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      Yonniestone

      Roy that fish was just ignorant of the CARBON CYCLE but it sounds reckless, I mean just one FLOUNDER and it could be a FLATHEAD, oh and watch out for fish drinking it could be a GROPER.

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      the Griss

      Roy..

      Was this bicycle riding fish wearing a helmet ?

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  • #
    Ron C.

    Funny thing. When you look into in the fine print of IPCC WGII latest report, the science there contradicts this acidification scare.

    WGII AR5 Report, Chapter 6 covers Ocean Systems. There we find some objective and blunt statements:

    “Few field observations conducted in the last decade demonstrate biotic responses attributable to anthropogenic ocean acidification” pg 4

    “Due to contradictory observations there is currently uncertainty about the future trends of major upwelling systems and how their drivers (enhanced productivity, acidification, and hypoxia) will shape ecosystem characteristics (low confidence).” Pg 5

    “Both acclimatization and adaptation will shift sensitivity thresholds but the capacity and limits of species to acclimatize or adapt remain largely unknown” Pg 23

    “Production, growth, and recruitment of most but not all non-calcifying
    seaweeds also increased at CO2 levels from 700 to 900 µatm Pg 25

    “Contributions of anthropogenic ocean acidification to climate-induced alterations in the field have rarely been established and are limited to observations in individual species” Pg. 27

    “To date, very few ecosystem-level changes in the field have been attributed to anthropogenic or local ocean acidification.” Pg 39

    I am finding much more credible the Senate Testimony of John T. Everett, in which he said:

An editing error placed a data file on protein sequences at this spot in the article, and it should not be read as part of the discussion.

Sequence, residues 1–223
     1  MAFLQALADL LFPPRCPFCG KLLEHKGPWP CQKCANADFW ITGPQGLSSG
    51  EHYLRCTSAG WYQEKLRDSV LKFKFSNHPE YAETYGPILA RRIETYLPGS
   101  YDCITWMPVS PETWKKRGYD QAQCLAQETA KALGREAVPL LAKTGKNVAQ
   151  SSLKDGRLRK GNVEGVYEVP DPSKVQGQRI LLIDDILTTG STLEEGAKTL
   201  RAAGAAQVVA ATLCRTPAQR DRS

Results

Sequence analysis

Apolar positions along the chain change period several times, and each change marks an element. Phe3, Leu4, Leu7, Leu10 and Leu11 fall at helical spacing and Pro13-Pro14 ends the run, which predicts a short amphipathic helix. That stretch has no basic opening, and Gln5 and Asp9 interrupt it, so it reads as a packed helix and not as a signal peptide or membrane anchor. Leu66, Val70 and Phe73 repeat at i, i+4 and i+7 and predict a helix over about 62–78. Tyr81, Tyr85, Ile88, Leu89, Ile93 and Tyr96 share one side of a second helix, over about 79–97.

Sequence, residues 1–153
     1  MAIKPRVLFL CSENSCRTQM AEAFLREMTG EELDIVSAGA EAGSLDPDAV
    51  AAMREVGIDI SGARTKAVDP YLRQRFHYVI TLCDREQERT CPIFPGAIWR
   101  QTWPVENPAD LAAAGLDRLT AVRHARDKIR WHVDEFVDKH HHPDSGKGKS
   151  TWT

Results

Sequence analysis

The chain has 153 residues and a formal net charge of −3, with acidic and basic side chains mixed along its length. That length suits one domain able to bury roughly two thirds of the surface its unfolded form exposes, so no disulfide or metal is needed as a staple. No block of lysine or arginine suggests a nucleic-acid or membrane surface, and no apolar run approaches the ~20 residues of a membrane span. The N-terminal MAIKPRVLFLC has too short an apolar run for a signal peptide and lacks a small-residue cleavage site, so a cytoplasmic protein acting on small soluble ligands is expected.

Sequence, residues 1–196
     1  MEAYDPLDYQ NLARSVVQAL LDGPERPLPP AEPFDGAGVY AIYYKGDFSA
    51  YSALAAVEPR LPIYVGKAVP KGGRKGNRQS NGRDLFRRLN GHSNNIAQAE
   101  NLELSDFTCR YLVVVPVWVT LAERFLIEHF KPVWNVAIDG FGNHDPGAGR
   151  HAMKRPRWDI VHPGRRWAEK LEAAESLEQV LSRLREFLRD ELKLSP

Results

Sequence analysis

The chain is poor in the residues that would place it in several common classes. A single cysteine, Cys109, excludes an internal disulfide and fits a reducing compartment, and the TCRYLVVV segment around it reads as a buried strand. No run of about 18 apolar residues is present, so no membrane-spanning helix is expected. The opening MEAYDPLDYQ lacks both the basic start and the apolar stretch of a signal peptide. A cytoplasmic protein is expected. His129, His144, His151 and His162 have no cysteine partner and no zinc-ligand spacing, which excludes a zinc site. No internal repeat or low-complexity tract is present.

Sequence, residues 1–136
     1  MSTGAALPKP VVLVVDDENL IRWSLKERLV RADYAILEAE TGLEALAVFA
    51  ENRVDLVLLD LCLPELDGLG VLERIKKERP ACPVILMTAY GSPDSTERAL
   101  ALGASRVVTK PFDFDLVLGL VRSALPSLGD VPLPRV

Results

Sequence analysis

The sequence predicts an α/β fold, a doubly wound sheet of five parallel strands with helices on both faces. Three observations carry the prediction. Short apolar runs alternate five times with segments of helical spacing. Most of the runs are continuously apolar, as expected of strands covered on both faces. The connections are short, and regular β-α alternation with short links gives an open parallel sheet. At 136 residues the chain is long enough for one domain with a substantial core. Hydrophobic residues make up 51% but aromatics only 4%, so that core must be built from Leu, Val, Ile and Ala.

“There is no reliable observational evidence of negative trends that can be traced definitively to lowered pH of the water. . . Papers that herald findings that show negative impacts need to be dismissed if they used acids rather than CO2 to reduce alkalinity, if they simulated CO2 values beyond triple those of today, while not reporting results at concentrations of half, present, double and triple, or as pointed out in several studies, they did not investigate adaptations over many generations.”

    “In the oceans, major climate warming and cooling and pH (ocean pH about 8.1) changes are a fact of life, whether it is over a few years as in an El Niño, over decades as in the Pacific Decadal Oscillation or the North Atlantic Oscillation, or over a few hours as a burst of upwelling (pH about 7.59-7.8) appears or a storm brings acidic rainwater (pH about 4-6) into an estuary.”

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    • #

      It’s always fun to look at the fine print on any of this. What is reported is rarely what the actual science said. Let’s face it, the actual science is boring and you can’t sell fear and urgency with boring. :)

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    • #
      Winston

      Fine quotes, Ron. Kudos.